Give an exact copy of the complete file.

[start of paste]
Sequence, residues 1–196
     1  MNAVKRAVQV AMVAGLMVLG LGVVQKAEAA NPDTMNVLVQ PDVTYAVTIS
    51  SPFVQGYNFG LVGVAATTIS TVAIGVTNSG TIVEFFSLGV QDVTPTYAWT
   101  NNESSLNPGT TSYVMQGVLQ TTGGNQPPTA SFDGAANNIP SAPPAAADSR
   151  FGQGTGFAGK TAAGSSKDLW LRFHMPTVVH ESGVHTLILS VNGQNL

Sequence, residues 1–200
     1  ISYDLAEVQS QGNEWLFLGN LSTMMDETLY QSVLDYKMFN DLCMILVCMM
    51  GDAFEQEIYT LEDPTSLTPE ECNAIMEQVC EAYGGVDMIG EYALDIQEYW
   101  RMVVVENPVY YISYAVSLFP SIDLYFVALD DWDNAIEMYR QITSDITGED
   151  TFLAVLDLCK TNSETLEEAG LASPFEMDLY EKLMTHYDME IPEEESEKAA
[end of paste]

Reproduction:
Sequence, residues 1–196
     1  MNAVKRAVQV AMVAGLMVLG LGVVQKAEAA NPDTMNVLVQ PDVTYAVTIS
    51  SPFVQGYNFG LVGVAATTIS TVAIGVTNSG TIVEFFSLGV QDVTPTYAWT
   101  NNESSLNPGT TSYVMQGVLQ TTGGNQPPTA SFDGAANNIP SAPPAAADSR
   151  FGQGTGFAGK TAAGSSKDLW LRFHMPTVVH ESGVHTLILS VNGQNL

Sequence, residues 1–200
     1  ISYDLAEVQS QGNEWLFLGN LSTMMDETLY QSVLDYKMFN DLCMILVCMM
    51  GDAFEQEIYT LEDPTSLTPE ECNAIMEQVC EAYGGVDMIG EYALDIQEYW
   101  RMVVVENPVY YISYAVSLFP SIDLYFVALD DWDNAIEMYR QITSDITGED
   151  TFLAVLDLCK TNSETLEEAG LASPFEMDLY EKLMTHYDME IPEEESEKAA